Wednesday, March 18, 2015

532. DAR Embraces Digital Revolution

A recent press release featured in Eastman’s Online Genealogy Newsletter caught my eye:

                “The National Society Daughters of the American Revolution (DAR) is pleased to announce a new added feature to its Genealogical Research System (GRS). This new Supporting Documents feature allows users to purchase documents that were submitted with previously verified DAR membership and supplemental applications. These documents may include family bible records, deeds, wills and other various materials used to prove lineage to a patriot of the American Revolution.”
                This development reinforced my long-held belief that the DAR is embracing the digital revolution way better than the corresponding Sons of the American Revolution. As a former Chapter Registrar for the SAR, I can tell you that as far as genealogical research is concerned, the SAR website and SAR digital services seems to be stuck somewhere in the 1980’s. Their digital budget is evidently close to zero, as they concentrate on getting into the museum business.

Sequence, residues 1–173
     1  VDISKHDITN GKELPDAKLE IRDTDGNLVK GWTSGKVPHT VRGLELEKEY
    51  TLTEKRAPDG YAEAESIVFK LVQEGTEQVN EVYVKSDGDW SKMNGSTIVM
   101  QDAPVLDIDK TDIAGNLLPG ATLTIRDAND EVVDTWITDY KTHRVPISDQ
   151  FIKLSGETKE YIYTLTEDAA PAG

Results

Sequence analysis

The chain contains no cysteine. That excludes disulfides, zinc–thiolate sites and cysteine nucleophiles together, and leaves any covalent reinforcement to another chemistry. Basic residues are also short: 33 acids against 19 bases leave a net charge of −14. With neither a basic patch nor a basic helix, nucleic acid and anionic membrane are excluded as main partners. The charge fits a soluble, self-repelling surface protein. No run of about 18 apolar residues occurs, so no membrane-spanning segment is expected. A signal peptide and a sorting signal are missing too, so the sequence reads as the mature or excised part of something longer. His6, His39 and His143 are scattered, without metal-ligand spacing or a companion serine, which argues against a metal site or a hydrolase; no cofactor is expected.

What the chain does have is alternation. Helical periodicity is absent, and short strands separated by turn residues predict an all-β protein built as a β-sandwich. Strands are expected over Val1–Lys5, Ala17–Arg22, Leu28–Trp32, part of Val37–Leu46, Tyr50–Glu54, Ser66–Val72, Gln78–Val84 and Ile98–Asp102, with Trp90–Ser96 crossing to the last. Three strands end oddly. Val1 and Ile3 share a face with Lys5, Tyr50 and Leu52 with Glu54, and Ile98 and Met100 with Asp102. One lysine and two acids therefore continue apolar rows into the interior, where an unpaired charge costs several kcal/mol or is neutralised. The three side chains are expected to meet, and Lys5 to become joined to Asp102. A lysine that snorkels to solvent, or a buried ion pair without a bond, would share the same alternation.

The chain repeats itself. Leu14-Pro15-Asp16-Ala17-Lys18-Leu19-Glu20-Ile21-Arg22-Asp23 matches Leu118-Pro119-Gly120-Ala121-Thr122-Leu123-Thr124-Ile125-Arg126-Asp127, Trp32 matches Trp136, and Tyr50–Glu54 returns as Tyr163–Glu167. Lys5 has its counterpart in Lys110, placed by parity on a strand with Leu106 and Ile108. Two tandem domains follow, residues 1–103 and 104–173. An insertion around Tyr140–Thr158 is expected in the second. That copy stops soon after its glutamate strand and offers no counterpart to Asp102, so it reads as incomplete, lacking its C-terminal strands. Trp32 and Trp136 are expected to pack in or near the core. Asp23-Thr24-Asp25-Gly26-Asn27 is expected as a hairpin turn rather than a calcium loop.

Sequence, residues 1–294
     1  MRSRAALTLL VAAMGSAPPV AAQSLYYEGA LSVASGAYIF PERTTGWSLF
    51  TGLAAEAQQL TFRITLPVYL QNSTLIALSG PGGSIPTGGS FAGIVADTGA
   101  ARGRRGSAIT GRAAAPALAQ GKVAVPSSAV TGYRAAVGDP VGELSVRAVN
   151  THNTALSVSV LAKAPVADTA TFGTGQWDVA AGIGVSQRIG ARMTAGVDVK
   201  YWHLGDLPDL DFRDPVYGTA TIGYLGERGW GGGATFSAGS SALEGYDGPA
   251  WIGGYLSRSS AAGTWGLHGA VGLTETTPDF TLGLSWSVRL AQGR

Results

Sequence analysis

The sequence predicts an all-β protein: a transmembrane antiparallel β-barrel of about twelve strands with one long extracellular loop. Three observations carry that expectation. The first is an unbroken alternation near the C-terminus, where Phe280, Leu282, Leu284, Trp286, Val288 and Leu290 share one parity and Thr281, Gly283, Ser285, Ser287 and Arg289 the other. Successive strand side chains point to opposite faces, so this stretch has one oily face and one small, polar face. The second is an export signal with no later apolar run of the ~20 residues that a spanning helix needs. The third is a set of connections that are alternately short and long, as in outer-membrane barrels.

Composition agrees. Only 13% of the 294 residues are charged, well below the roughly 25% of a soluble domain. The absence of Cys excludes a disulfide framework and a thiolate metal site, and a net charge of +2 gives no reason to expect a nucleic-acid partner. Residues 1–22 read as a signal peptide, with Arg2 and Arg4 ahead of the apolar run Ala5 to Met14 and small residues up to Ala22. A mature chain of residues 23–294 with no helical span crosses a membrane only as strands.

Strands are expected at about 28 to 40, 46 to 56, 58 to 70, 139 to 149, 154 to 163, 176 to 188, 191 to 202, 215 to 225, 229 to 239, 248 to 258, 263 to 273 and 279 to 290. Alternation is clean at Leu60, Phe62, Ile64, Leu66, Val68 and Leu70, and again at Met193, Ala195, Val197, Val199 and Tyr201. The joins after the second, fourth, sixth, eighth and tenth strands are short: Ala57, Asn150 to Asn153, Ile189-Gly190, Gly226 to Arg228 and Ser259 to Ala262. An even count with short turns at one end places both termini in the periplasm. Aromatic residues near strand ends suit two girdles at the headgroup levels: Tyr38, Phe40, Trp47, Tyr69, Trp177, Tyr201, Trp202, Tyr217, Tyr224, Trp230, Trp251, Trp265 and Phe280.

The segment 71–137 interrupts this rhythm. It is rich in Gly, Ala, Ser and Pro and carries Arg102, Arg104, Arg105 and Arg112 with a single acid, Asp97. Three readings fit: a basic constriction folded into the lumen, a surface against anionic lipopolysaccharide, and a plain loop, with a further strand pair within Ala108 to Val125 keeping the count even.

There is next to nothing available as a digital resource on the SAR website, especially compared to the DAR site. The DAR seems to always have a host of willing volunteers to do resource development; the SAR not so much. The SAR volunteers tend to be the “dress up in the pretty uniforms and march around” crowd. Sitting down and keying and scanning seem to be way down the priority scale. The DAR works at mobilizing their members; the SAR really not so much.
                I was always disappointed in the failure of the SAR to utilize the new members I signed up, especially in light of the myriad tasks they could be doing. Many of my recruits were “one year and done” members, as little if any follow up efforts were made by the Society. Unfortunately, I felt they squandered way too many human resources.
                Genealogical researchers need data, the more the merrier. Today there are tremendous opportunities-both technical and human- to provide that data. Congrats to DAR for jumping into that with both feet. Too bad the SAR is missing the boat.

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